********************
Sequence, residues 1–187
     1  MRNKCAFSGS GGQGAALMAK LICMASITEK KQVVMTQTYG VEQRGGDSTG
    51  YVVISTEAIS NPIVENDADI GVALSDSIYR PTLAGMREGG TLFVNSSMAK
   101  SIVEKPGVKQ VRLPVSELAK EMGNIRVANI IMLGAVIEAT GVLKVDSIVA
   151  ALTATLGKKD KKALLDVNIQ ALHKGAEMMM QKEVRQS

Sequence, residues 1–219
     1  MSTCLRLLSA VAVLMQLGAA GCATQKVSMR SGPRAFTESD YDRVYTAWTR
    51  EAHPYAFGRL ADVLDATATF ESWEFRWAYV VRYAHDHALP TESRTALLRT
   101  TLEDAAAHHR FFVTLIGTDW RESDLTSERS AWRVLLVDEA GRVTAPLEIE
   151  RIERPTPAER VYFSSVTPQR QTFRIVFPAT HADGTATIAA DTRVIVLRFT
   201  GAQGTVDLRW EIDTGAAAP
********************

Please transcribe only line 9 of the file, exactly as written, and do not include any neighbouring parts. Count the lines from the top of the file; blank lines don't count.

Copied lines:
   101  TLEDAAAHHR FFVTLIGTDW RESDLTSERS AWRVLLVDEA GRVTAPLEIE